The Unknown Dangers of Marijuana Pesticides

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An investigation conducted this spring by the city of Denver tested 11 marijuana suppliers after health officials expressed concern over unauthorized pesticides. Plants deemed safe were released, but eight of those distributers still have some of their crop in quarantine. Even more troubling, two of the distributors voluntarily destroyed their supply. Is pot, even in states where it's legal, safe to buy?

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"It's still the wild west," says Dave Stone, a toxicologist at Oregon State University. "The work hasn't been done to determine if pesticides pose a risk when you burn a product. The work hasn't even been done for tobacco."

There are over 1,000 different types of chemicals that can be a pesticide — all of which range in their toxicity to humans. They're necessary, too. Spider mites, powdery mildew, and fungus gnats can destroy entire crops and are dangerous to your health. Every pesticide is first approved by the Environmental Protection Agency, and then the state. But since pot is still illegal on a federal level, there hasn't been an organized effort to determine what is safe to use on a plant people smoke, cook, and consume.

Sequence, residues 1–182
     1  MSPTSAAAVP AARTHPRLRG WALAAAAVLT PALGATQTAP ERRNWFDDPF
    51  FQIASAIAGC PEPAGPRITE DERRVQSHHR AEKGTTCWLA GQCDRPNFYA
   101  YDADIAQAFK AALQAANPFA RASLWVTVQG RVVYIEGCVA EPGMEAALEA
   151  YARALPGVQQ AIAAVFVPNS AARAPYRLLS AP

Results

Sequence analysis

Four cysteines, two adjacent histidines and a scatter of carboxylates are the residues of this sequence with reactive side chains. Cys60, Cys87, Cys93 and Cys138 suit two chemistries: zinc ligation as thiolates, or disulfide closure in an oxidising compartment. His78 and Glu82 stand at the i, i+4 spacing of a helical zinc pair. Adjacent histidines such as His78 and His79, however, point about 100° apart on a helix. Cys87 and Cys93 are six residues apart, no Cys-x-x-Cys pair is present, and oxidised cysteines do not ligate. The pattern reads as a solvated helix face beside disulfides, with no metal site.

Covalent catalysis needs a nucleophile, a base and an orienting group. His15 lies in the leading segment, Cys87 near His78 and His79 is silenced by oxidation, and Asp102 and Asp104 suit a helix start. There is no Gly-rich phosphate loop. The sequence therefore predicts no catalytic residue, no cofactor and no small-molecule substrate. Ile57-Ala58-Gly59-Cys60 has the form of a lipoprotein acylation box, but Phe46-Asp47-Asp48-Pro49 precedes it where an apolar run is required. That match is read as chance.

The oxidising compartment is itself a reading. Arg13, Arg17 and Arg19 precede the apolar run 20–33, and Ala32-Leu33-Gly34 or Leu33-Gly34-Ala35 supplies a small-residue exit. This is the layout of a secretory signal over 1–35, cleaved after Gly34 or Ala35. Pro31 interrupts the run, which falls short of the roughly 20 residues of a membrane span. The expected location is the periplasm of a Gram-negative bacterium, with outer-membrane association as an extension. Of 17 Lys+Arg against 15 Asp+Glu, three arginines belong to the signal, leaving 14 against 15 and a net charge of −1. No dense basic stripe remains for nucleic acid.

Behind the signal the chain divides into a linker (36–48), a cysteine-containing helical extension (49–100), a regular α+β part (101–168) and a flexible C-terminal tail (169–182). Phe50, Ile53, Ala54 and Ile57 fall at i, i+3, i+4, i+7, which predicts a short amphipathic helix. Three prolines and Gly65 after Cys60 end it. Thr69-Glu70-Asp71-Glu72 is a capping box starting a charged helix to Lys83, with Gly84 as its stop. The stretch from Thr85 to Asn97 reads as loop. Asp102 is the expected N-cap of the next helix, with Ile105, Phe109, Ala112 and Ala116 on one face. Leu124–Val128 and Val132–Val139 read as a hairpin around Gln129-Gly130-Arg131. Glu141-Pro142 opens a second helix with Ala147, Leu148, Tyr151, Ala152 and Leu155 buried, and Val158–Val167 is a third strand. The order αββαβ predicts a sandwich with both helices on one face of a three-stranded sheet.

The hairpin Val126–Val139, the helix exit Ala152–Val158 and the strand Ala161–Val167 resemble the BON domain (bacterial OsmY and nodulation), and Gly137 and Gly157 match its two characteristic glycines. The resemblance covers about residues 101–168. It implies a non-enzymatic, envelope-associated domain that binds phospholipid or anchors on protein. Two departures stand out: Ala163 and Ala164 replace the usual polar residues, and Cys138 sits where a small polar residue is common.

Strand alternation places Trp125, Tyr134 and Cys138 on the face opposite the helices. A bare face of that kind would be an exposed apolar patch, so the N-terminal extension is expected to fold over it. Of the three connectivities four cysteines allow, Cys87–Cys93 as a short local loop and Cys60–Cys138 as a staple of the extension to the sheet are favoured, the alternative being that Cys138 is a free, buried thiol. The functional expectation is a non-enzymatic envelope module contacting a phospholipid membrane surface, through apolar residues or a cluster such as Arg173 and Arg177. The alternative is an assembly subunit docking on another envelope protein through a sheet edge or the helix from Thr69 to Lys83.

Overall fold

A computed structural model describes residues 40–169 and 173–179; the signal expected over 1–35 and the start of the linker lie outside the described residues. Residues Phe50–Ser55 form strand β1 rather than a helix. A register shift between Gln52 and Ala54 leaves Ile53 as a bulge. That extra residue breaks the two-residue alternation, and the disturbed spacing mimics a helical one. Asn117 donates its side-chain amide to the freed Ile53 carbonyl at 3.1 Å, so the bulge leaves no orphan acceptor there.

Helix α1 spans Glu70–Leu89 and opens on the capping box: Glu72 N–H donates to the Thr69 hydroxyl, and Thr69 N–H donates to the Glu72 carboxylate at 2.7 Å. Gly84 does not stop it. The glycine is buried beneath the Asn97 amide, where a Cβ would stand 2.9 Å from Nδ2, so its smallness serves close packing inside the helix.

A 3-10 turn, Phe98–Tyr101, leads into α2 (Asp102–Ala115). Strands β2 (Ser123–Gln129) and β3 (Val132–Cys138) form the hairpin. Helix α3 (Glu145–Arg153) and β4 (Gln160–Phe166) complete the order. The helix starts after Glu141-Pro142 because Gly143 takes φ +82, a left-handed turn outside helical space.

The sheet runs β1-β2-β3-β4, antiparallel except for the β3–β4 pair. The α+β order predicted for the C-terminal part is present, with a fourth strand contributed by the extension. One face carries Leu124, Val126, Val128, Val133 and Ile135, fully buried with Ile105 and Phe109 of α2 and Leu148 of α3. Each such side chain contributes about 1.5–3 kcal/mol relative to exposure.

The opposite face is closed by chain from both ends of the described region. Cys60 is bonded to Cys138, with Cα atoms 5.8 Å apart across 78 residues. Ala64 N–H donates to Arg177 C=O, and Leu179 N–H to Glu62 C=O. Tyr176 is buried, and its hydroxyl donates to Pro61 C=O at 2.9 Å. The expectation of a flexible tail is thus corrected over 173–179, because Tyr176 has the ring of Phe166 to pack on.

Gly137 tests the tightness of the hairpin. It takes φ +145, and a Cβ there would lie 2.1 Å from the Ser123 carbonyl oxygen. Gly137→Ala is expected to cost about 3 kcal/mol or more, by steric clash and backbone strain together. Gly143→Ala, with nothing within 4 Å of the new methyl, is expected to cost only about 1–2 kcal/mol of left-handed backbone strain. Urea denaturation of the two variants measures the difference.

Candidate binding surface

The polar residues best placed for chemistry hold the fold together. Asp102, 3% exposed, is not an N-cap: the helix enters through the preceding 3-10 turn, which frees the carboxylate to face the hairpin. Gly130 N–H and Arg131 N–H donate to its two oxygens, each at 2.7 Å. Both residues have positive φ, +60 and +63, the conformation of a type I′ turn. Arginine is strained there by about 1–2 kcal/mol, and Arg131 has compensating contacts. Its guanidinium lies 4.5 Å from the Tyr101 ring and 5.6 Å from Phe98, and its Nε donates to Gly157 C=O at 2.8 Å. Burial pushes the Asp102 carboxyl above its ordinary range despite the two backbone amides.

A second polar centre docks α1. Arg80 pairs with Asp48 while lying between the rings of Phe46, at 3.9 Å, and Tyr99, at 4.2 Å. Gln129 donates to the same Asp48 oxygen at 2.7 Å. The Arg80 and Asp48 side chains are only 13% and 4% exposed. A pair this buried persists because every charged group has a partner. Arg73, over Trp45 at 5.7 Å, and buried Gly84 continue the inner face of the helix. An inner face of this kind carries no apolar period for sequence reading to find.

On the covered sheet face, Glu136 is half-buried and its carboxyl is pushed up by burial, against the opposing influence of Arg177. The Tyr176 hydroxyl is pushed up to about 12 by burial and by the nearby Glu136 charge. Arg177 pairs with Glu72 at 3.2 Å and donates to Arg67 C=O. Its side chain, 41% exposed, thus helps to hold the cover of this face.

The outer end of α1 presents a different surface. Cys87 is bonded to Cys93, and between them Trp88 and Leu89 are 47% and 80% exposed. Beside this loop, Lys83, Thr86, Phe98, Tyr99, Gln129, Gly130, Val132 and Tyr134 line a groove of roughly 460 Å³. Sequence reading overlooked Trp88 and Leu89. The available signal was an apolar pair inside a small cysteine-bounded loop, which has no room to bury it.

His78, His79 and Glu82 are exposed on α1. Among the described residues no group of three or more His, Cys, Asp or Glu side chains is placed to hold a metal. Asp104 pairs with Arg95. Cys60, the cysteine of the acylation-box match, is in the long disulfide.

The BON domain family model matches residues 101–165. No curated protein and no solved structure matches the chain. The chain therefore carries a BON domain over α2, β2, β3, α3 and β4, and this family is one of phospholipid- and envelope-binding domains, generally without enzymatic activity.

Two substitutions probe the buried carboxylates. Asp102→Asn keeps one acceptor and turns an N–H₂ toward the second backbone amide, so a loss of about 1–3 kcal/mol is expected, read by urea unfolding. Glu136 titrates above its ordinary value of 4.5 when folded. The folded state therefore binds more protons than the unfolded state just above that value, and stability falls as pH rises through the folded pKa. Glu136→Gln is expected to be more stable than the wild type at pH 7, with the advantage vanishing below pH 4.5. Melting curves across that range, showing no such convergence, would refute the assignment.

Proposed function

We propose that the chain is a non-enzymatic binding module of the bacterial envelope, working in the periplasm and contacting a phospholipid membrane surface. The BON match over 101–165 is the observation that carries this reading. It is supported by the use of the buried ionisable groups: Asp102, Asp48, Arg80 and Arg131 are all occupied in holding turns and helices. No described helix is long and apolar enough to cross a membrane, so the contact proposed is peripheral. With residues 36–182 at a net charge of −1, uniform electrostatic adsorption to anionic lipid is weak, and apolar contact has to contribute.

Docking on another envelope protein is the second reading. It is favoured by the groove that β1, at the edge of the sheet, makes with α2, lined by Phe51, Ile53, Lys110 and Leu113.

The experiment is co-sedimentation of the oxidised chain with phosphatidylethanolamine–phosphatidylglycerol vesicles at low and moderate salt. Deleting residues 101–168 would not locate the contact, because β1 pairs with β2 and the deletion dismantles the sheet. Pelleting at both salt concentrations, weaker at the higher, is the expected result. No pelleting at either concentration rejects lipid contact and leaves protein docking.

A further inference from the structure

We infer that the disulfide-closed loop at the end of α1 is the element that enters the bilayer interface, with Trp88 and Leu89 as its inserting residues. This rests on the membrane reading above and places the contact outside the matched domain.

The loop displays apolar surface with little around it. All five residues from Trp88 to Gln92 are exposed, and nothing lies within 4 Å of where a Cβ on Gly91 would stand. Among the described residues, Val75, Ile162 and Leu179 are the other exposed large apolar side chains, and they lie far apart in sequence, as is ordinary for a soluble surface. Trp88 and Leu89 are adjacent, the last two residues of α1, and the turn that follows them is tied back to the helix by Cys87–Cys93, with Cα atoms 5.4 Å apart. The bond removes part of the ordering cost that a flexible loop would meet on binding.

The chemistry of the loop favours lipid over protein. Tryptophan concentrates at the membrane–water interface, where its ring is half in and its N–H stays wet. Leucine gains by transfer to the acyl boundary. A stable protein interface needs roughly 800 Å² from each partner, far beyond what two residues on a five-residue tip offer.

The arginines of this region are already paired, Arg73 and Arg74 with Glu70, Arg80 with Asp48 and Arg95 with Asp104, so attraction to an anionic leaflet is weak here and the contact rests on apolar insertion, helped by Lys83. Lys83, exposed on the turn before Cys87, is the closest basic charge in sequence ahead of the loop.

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"The label on a pesticide product is like a legal document," says Stone. "There is no such thing that says, 'For use on cannabis.'" 

This leaves states like Oregon, Colorado, and Washington to piecemeal research instead — and growers left to guess in the meantime. One chemical found in the investigation was Eagle 20 EW, a fungicide safe on some foods but banned for other crops since it becomes dangerous when heated.

To put the Denver investigation into perspective, there are over 300 marijuana suppliers in Colorado and only 11 facilities were called in. Stone also questions the marijuana testing labs and their standards.

As Oregon, Washington and Colorado start to draft regulations, the pesticide issue even puts medical marijuana in question. California is the largest commercial cannabis provider in the U.S. and has no pesticide regulation at all. "It is 'buyer beware,'" says Stone.

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